Image of various calendar days.

Sound a Day Challenge – How what and why

You know that thing people do when they take a photo every day and post it on social media? Well, I don’t take many photos. But I still did the challenge. But not with photos.

I decided to record a sound a day for the duration of 2017 and share them online, not just on social media, but also to upload them to Freesound and make them available as copyright free sound effects.

The kit

I think it goes without saying that I have some recording equipment. The studio is very well equipped to capture audio, but I was going to have to record sounds while I was out and about. For this, I already had a Zoom H4n, but I needed to buy a small tripod and a dead kitten so I could improve the quality of the recordings I was going to make.

Once I had the kit in place it was all systems go. I could record with my studio equipment as and when the chosen sound was suitably near the studio (or if I was working in a different studio) and use the portable recorder for other bits.

What’s the point?

The reason I took this task on was largely to make me refresh the way I listen to things.

The way we listen to music is different to the way we listen to everyday noises. Sound engineers/ sound designers/ etc do often listen to everyday noises with the same attitude and attention as most people listen to music. This is what I wanted to challenge myself with. And if I could encourage other people to hear the beauty in everyday noises in the process, so much the better.

A case in point for this is the sound I recorded on March 4th. The house next-door-but-one to us has some windchimes outside, which are really quite annoying. But talking to Helen about the above, she didn’t believe that we listen differently and that the windchimes could sound quite beautiful. So I took the H4n into our garden and recorded the comings and goings for a few minutes, then played the audio to her on our hi-fi. She conceded the point.

The pitfalls

There were many difficulties along the way.

Like the time I was trying to record one of the only thunderstorms we had that year and ended up dropping the recorder out of a first floor window. It didn’t quite survive. Finding new sounds every day became quite tough as well. I didn’t go out as much as I thought I might (I’m really glad I didn’t decide to do this at the beginning of 2020!).

But I think the biggest obstacle was Red Light Fever. I think everyone who’s been in a recording studio will know the phenomenon where you perfectly know your lines or your instrument part right until the second when the record button is pressed and the red light goes on, and at that point all ability goes out of your head and you need to go for take 2, take 3, take 4. I can confirm that it’s not only humans that get red light fever. In fact, it’s not just animals. Even inanimate objects can get red light fever, making amazing sounds right up until I hit record, and then inexplicably changing the tone of whatever it was they were doing. Illustrated by the recording of April 1st (aptly) when I was trying to record a chiff-chaff near where we live and all sorts of other noisy things started happening.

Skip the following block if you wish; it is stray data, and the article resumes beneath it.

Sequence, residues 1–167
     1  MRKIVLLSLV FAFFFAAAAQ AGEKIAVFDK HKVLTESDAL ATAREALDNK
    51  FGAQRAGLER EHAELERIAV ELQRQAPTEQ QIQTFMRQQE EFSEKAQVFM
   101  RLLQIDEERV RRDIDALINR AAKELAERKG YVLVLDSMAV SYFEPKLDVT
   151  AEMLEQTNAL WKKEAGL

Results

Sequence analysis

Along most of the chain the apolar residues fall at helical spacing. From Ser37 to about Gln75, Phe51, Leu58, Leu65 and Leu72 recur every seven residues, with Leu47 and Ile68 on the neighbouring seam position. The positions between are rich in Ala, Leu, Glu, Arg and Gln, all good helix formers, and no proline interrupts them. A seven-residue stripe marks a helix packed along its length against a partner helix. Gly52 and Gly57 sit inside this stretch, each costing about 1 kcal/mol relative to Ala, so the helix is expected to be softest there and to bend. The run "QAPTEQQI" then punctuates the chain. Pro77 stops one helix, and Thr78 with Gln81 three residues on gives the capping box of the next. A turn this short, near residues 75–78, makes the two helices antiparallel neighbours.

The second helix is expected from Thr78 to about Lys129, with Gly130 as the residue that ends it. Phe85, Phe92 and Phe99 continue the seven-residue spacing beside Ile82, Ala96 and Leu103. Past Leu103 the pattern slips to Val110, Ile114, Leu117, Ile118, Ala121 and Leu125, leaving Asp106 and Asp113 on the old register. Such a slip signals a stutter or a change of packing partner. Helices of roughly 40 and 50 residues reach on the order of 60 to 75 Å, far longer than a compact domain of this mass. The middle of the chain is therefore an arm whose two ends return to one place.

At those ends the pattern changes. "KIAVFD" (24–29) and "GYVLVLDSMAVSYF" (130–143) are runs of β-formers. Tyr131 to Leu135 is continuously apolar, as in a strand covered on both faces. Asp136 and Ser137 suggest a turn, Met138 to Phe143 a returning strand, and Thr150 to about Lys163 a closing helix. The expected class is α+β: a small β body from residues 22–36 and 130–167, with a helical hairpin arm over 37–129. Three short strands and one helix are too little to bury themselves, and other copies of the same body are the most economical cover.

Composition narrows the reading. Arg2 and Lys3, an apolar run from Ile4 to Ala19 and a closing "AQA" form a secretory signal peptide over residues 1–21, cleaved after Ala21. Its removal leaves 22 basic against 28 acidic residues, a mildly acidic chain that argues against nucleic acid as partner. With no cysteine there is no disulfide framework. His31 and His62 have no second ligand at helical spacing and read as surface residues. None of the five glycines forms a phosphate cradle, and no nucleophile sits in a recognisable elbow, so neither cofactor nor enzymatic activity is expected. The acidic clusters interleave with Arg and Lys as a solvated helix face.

The highlights

I generally enjoyed the project.

I think I recorded some lovely sounds. I particularly like my running ducks which I got by throwing food for them to chase after, my walk down Market Street (some of the Manchester buskers I recorded are also very good), playing with the glass harp I created, and the spectacular snoring from inside a tent at a festival. I also enjoyed getting a group of voiceovers to shout obscenities at me just so I could record it!

Ducks running
Walking down Market Street, Manchester
Festival tent snoring
Angry voiceover crowd

Uploading them to Freesound was also worth doing as I’ve had many lovely messages from people who have downloaded the sounds to use in their projects. It’s surprising what has been downloaded the most. There are one or two that have been downloaded multiple-thousands of times since they were published.

What did we learn?

Is ‘Bugger All’ an answer?

I think over the course of the year I did consider sound differently and honed my skills at miking up obscure things. It made me realise that where I live is really noisy. It was very difficult to get clean recordings of a lot of the things I was attempting to capture.

I didn’t quite make it through the year. I managed until September, then for whatever reason, I didn’t get any recordings done during October. I tried to restart in November, but I’d lost the momentum.

Did I enjoy it? Yes.

Would I do it again? Not a chance!

The full collection of recordings can be found on Freesound and on Youtube.

Cover photo by Sigmund on Unsplash

Share this post:

See all blog posts